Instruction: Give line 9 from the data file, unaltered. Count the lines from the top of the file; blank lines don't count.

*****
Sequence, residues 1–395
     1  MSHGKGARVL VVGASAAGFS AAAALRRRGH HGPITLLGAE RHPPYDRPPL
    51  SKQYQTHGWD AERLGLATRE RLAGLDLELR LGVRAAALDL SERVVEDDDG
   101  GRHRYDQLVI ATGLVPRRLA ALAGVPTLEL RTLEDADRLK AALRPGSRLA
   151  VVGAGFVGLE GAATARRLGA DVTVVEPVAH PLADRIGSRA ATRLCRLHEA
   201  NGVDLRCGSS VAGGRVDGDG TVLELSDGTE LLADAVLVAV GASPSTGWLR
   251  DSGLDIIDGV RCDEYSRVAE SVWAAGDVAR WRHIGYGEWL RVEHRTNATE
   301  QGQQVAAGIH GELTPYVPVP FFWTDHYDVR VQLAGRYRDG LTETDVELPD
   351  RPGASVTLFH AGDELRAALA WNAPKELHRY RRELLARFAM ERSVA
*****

   351  RPGASVTLFH AGDELRAALA WNAPKELHRY RRELLARFAM ERSVA